So we take them out of the middle. Again and again and again. The middle is where they are reduced to merely a means of our own end. But when they are placed on the other side, they become a person again. They are repositioned to become the end itself. The focus. The priority. The point of value. It is here, directly in line with us, that we can actually exercise power, experience pleasure, enjoy possessions, and give/receive praise in mutually healthy and beneficial ways. We can function as one. Not as objects of helps or hindrances to where we’re headed but as human beings with equal worth and irrevocable dignity.

Re-define how it plays itself out in society

When the choice we are handed lies between people and possessions the answer seems fairly obvious. Unnatural to choose, perhaps, but hard to actually argue against. But what would it be like if instead of just dethroning power and praise over people, we had to choose between actual personhood? If we were somehow faced with the choice between which two people could live. What then, would rise to the surface in us? Would our definition of equal dignity and worth for all human beings quickly become met with a barometer full of assessments and questions? Maybe our instinct would be to consider their ages, or factor in their accomplishments, or weigh their contributions, or compare their records.

While we ourselves will likely never be faced with such a choice, what happens in us when we hear about a gang related shooting? An elderly lady passing peacefully in a nursing home? A firefighter not making it out of a burning building in time? A person of color begging for breath? A child’s heart monitor no longer beeping? A prisoner being beat to death?

In the midst of everyday headlines filled with tragedy and trauma we are left with the choice to listen to our own visceral reactions and mental responses. To be mindful of our internal questions about the person. To pay attention to our assumptions based off of where they were and who they were with and what they were wearing. When we sit with our own honest responses they will answer the question for us of who we deem more deserving of death and who we see as less worthy of life. When we are present with ourselves in this way we can actually catch our minds going to the places we do not want them to and then we can do the repetitive work of realigning and reminding ourselves why none of those things matter. It is in these small and crucial moments we can convince ourselves once again that all human life is equally dignified. And then we are conscious of where we allow our conclusion to go. About them. About humanity. About life. And even about death.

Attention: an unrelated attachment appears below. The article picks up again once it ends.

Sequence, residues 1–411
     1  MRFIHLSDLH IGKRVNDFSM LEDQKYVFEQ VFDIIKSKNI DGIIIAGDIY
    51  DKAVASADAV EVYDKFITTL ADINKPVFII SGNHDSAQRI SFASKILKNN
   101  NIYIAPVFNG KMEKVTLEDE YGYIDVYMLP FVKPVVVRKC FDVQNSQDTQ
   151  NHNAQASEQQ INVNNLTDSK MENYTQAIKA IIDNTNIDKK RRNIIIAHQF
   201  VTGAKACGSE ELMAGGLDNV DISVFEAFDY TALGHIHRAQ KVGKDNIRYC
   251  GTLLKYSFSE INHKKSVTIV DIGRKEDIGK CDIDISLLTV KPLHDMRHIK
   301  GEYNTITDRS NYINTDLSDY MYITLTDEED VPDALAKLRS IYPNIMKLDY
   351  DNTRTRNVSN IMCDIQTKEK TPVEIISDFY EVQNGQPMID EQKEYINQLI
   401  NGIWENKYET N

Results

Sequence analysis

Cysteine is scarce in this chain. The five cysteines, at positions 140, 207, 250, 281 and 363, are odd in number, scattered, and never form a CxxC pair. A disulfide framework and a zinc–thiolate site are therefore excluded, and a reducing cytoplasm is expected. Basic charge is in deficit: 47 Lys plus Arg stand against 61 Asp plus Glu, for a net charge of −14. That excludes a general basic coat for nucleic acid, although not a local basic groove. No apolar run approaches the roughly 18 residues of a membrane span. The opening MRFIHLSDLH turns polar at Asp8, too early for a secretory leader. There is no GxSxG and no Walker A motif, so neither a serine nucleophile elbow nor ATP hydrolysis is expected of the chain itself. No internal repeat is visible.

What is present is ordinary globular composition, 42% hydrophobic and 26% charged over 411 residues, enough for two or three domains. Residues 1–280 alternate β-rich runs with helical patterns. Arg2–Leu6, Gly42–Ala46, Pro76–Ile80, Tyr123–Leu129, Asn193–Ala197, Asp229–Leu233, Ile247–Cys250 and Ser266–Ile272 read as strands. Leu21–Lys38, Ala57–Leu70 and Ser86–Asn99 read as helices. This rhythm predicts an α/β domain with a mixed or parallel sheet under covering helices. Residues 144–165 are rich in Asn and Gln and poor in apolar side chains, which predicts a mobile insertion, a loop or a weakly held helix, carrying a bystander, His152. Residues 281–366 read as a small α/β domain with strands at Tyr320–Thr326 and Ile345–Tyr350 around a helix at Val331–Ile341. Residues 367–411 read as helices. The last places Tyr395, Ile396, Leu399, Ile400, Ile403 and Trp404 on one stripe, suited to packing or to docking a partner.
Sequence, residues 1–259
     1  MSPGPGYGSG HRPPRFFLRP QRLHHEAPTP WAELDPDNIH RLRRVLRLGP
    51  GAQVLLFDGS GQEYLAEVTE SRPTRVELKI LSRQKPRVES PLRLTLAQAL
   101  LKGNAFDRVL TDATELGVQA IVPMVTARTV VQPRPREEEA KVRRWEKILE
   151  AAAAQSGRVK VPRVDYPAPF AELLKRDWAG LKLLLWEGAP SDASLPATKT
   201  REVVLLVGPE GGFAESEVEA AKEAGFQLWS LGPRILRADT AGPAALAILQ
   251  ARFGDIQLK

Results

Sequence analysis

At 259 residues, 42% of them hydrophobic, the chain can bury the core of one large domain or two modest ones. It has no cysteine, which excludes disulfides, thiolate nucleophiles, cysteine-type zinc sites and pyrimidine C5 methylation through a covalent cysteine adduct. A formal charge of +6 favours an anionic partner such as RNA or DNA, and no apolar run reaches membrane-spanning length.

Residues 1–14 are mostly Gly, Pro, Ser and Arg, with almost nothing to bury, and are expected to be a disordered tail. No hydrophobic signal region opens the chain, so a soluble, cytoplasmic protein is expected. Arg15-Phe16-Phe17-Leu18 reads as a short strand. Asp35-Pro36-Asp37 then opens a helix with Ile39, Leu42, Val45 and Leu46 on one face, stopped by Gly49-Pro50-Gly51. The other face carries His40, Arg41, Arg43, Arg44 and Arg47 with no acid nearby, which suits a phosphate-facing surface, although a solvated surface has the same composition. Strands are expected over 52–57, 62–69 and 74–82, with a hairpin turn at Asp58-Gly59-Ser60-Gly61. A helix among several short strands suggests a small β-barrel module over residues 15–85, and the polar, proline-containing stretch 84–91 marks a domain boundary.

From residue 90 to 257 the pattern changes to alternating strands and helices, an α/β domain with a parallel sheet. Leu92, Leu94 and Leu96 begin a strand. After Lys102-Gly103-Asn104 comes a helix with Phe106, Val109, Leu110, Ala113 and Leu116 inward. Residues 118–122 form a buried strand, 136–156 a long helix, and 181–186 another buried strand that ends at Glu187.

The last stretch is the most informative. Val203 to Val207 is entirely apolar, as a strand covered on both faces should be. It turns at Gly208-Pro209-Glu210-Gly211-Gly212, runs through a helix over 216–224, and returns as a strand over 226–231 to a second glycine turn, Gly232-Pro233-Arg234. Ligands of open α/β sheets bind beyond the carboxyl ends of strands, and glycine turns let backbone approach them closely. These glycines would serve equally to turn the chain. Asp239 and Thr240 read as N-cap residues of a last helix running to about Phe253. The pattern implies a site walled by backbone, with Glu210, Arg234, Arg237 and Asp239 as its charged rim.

Dehumanization, though, is not just about dying at the hand of injustice. It is also about living from a place of inequality. Those we deem most tragic in death, we will also see as most worthy in life. We may not ever say that a person is not actually worthy to live. But, to what do we assign their quality of life? Is it one of equal opportunity for education and position? Is it one that is given a strong voice and sought after as a needed presence? Is their mind just as smart, their body just as capable, and their being just as strong?

Our degradation and objectification of others comes out in the every day ways we respond and relate to them. In the manner we address them in and the time we give to them. It seeps through in the ways we esteem certain jobs, praise specific positions, and place power with select people. This shows up in the way we smile at the CEO behind a desk and ignore the homeless person behind a sign. In the way we greet the guest at our front door and mumble a hurried hello to the server at our table. In the way we engage or dismiss children. In the way we talk tenderly or mockingly about the elderly. In the way we clap for those who wear uniforms and yell at those who answer our phone calls. In the way we keep together those who are the same and cast off those who are different. In the way we classify intelligence and dismiss disability. In the way we label foster kids as troubled instead of laboring with them as traumatized.

Being worthy to stay alive is not the same as being worthy to really live. To live in a way that we all long for: without being treated as inherently inferior or locked in as innately less than.

 

Re-build what has been lost

“When we see people without recognizing that they have a story, we become pornographers. Pornography almost by definition lacks a story.” I think Ragan Sutterfield was on to something far more than only poses and pixels. The same effortless reduction of a person into a prize for our own self pleasure does not just stay on our screens. It manifests itself into the people we pass by quickly, the newcomers we get to know slowly, and the classmates and coworkers and church members we interact with daily.

They could be young or old or rich or poor. They could have thousands of followers on Instagram. They could have dropped out of high school. They could have graduated with the highest degree. They could live in the suburbs or the city. They could be a white person walking down our street or a brown person grazing our shoulder in a grocery store or a black person pulling up next to us in a parking lot. An immigrant or an international student. One who is pushed in wheelchair or relies on a walker. They could be wearing a suit or sagging shorts. Someone who is bilingual, reads brail, or communicates with sign language. They could have eyes that are stone cold or ones filled up with tears.